Adderall and philosophical life

The Sunday New York Times front page article on the pervasiveness of Adderall use among wealthy high school students, “Risky Rise of the Good-Grade Pill: Taking Stimulants Not for a High, but for a Higher SAT Score” (June 10, 2012), misses the philosophical point. The reporter Alan Schwarz covers the usual suspects–availability, pervasiveness, potentially adverse side effects, rising expectations, and the question of cheating–without inquiring whether any high school student would have a good reason for taking Adderall in the first place.

The nearest to a philosophical point is made by one Philadelphia school spokesman, Douglas Young.

“It’s time for a serious wake-up call,” Mr. Young said. “Straight A’s and high SAT scores look great on paper, but they aren’t reflective measures of a student’s health and well-being.”

The implication is that getting good grades is less important, in the table of values of any human life, than health. The assumption is that health is an ultimate value, perhaps the highest value of modern life. I am afraid that it is not. (Nietzsche convalesced just fine and the other night Neil Young spoke of loving the time of sickness.)

When all is said and done, nothing has been brought into question. Only after one puts into question all the taken-for-granted final aims–success, achievement, ambition, peer recognition, and health–and only after one concludes that none of the above could reasonably count as a final end of radiant life could one come to philosophical life. For Adderall only makes sense as a techne–as a prudential means for a high schooler who wants to achieve the dubious aim, e.g., of getting into Harvard–after one has taken as given the final aim of success. Students bemoaning or lauding their clever fellows, affluent parents bemoaning their children’s surreptitiousness, counselors bemoaning health concerns, and psychologists bemoaning (while profiting from) addiction are all pre-philosophical characters. The proper philosophical attitude toward tedium is apatheia.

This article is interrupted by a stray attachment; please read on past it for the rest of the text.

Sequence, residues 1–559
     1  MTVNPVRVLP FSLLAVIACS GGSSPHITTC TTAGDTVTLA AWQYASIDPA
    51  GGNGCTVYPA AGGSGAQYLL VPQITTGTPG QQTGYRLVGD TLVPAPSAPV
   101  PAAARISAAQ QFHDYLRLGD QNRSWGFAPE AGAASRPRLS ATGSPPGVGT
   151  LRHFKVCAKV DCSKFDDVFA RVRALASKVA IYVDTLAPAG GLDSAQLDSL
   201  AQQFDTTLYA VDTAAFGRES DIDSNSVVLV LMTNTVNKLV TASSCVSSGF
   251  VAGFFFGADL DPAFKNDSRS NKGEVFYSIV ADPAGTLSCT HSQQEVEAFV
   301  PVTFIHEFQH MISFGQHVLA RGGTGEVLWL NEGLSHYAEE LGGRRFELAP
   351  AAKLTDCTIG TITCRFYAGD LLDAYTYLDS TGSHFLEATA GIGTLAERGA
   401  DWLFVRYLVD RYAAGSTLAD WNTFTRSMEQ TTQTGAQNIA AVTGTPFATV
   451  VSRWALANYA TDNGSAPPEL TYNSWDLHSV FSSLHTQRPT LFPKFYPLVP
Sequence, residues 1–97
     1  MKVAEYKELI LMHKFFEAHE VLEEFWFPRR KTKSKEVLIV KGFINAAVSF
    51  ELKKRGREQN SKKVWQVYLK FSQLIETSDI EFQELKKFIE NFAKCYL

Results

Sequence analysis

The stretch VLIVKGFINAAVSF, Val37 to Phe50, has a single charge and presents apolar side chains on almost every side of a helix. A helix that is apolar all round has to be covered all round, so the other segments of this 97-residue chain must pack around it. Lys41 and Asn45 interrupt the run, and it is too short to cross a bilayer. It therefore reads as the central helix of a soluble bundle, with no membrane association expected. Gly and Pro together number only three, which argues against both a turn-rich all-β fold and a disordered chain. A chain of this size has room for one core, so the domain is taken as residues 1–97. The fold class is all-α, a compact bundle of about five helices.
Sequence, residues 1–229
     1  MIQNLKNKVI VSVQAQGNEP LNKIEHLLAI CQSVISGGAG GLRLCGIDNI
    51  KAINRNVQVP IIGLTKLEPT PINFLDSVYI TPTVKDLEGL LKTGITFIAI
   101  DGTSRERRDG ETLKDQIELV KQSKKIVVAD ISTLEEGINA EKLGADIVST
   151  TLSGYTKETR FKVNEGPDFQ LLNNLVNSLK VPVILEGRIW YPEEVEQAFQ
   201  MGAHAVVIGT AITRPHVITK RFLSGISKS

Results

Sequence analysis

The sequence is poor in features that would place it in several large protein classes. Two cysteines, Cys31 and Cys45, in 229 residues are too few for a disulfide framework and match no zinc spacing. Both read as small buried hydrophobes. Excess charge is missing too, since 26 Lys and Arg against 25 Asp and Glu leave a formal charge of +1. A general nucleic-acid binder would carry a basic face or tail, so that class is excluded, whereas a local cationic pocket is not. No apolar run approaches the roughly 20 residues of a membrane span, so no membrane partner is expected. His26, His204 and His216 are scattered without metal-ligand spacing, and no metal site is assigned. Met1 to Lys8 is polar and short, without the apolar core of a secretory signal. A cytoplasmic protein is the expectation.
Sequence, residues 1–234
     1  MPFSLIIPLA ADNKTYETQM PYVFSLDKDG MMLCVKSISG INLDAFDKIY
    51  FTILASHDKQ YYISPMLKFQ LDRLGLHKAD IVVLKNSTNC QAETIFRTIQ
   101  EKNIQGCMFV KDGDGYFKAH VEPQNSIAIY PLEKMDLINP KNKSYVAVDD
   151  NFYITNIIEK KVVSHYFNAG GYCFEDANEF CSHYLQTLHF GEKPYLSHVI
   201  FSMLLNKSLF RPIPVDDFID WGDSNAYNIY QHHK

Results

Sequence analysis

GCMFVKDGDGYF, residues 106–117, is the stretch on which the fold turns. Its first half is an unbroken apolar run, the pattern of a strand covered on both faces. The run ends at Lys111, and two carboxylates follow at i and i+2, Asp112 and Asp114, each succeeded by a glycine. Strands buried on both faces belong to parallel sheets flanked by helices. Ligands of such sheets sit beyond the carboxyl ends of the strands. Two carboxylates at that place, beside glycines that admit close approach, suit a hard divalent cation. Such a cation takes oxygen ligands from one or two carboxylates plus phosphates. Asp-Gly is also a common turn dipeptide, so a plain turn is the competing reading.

I work with conversation partners who have spoken of the horrors of Adderall. Those horrors, however, are not health concerns but aesthetico-ethical claims about a loss of a sense of wonder in the face of mystery, the blanching of aesthetic properties, the fundamental inability to be in touch with the world of others. It is this phenomenological loss of being alive to the sensuous world and to sensuous others that is horrible. Under Adderall, there is no reading aloud Whitman’s Song of Myself with naked limbs and fluttering lungs, no experience of the heights and depths and breadth of the human adventure, no  possibility of the joyous exploration of eros, no cobalt skies or humid hair or cleft-shaped lily pads. When I look closely, I see a diptych: in the first panel, there is the shudder of waste, of cosmic loneliness; in the second, the sober, eternal fecundity of philosophical ecstasy.

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